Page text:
Since 1999, the New York Times’s reporters and editors consistently reported on Venezuela as if the country’s poor were neglected until a heroic and always well-intentioned Hugo Chávez arrived on the scene.
They ignored the fact that, since 1958, Venezuela’s democratically elected leaders were all either social democrats or Christian socialists. Parties of the right never even came close to winning national elections. Healthcare and public education, including universities, have been universally available and free since 1936.
Anyone with knowledge of Latin America or who visited the country in 1980 would have noticed that public health was not only available to everyone but also as good as the best private healthcare found in the rest of the continent.
Yet, reading NYT’s coverage of Venezuela over the last 17 years, one finds nothing but praise for Hugo Chávez and his “unprecedented” social programs.
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President Carlos Andrés Pérez, whom Hugo Chavez, and the NYT contributor Nicolás Maduro, tried to overthrow in a bloody coup in 1992, was the darling of the “progressive world” for two decades. Mr. Pérez, who re-established diplomatic relations with Cuba in 1974, nationalized foreign and domestic oil and mining companies.
Beginning with his administration, foreign investment was not allowed in telecommunications, food distribution or banking, among many other fields. Billions were spent on creating giant state-owned steel and aluminum companies and oil production was curtailed because oil riches “corrupted the values of the Venezuelan citizen.”
These same policies were not only continued but were deepened by the administrations that followed. All presidents before Hugo Chávez belonged to parties with membership in the International Socialist Movement.
Over the past 40 years, private companies in Venezuela were free to set the prices for the goods they sold without prior government approval for only three years (1991-1994).
For years, however, NYT reporters and editors conveyed the impression that Venezuela was a capitalist economy prior to Hugo Chávez’s wonderful socialist paradise. The poor, they claimed, were never better off.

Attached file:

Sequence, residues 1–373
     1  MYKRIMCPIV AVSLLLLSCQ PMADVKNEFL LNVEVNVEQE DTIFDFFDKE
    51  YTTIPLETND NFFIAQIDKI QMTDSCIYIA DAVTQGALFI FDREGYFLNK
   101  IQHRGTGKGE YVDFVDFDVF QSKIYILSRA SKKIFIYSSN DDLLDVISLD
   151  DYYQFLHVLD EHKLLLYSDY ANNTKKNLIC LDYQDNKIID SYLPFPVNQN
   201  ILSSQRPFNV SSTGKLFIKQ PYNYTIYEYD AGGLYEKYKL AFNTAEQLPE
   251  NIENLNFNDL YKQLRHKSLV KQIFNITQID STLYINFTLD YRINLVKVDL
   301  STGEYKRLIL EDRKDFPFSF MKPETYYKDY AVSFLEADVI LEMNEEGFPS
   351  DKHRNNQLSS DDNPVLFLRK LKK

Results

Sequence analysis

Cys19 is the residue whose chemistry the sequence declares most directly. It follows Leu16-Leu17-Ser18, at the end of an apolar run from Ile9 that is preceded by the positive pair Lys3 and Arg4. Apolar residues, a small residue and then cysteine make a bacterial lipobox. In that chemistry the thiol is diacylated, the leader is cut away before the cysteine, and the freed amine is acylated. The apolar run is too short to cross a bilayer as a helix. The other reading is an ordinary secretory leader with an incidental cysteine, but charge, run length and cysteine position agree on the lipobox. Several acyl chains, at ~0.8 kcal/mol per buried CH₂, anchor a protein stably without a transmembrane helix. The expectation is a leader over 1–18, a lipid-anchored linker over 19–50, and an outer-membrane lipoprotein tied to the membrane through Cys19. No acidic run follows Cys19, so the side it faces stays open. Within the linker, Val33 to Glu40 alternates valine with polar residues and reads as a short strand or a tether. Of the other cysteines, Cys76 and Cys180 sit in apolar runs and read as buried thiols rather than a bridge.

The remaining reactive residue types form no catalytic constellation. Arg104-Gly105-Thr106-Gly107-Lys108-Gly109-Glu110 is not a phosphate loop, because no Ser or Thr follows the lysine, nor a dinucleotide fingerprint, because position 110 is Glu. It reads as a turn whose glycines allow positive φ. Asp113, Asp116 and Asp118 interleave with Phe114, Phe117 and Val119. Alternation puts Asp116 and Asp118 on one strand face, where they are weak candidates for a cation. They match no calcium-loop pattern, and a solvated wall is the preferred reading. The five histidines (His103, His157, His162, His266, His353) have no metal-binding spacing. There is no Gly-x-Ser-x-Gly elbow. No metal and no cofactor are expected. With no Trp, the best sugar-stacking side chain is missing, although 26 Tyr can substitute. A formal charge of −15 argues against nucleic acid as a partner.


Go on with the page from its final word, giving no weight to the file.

Human Rights Watch, the Inter-American Human Rights Commission (IAHRC), the U.S. State Department, and the European Parliament made many pronouncements regarding the total loss of judicial independence in Venezuela.
During the last two presidential elections, the European Union refused to send observers, stating clearly that the Venezuelan government would not provide an adequate environment for the experts to do their jobs.
Yet the NYT and its editors kept making references to Mr. Maduro’s legitimate election as Venezuela’s leader in 2013.
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Finding evidence of Cuban involvement within the Venezuelan administration is rather easy. Spain’s most prominent newspaper, El País, ran an extensive series of very well documented articles on that very subject.
Any Venezuelan lawyer can provide ample evidence of rules, laws and treaties now in force that allow Cuban police officers and other security personnel to carry weapons in Venezuela and even make arrests inside Venezuela.
Copies of contracts given to Cuban government companies for the automation of Venezuela’s national ID and passport systems, its property and commercial registry and all notaries, are easy to obtain for anyone who tries.
But as late as 2014, the NYT reported from Caracas that the opposition leaders “offer little hard evidence to back their suspicions” of Cuban involvement.
When Venezuela’s last truly democratic president Rafael Caldera — a man of the left who governed with a coalition of socialist parties — handed the presidential seal to Chávez in January 1999, Venezuela was in the midst of its worst economic crisis in a century. The price of oil, the key factor for the entire economy, got as low as US$7 per barrel that year.
By 2005, the price of oil recovered and reached its highest level as of that date. It was this enormous windfall of petro-dollars that allowed Chávez, and later Maduro, to claim a reduction of poverty levels.
Their vaunted social programs were empty shells, as it is now evident. They were gigantic Potemkin Villages with which they fooled those who allowed themselves to be fooled. The surprise is that it was the hard-nosed New York Times that swallowed their story.
Had one of Hugo Chávez’s predecessors, any of them, counted with an equal amount of resources, Venezuela would have been launched into prosperity. Chávez and Maduro achieved the opposite.
As in Soviet Times
The NYT once counted among its own the now-infamous Walter Duranty, Bureau Chief in Moscow for the newspaper from 1922 to 1936.
Duranty, an avowed communist, hid from the world the horrible “Holodomor,” the mass death by starvation of millions of Ukrainians carried out under direct orders of Lenin and Stalin.
The NYT later called his work “some of the worst reporting to appear in this newspaper.”
In the case of Venezuela, its reporting and editorials during the last 17 years contributed to legitimizing a dictatorship born of fraudulent elections.
“The Grey Lady” also weakened an already weak opposition by using the word “radical” against any leader that called the regime by its name.
In 2014, the newspaper disheartened the opposition movement by publishing an opinion piece by Nicolás Maduro himself, which was evidently written for him by his paid US publicists.
Lately, the NYT’s reporting on Venezuela has improved, and its editorial this week was perfect.
Is all forgiven? One would hope that the editors of America’s leading newspaper would have learned of the harm caused by their zeal in believing in the good intentions of socialists everywhere.
No more Walter Durantys please!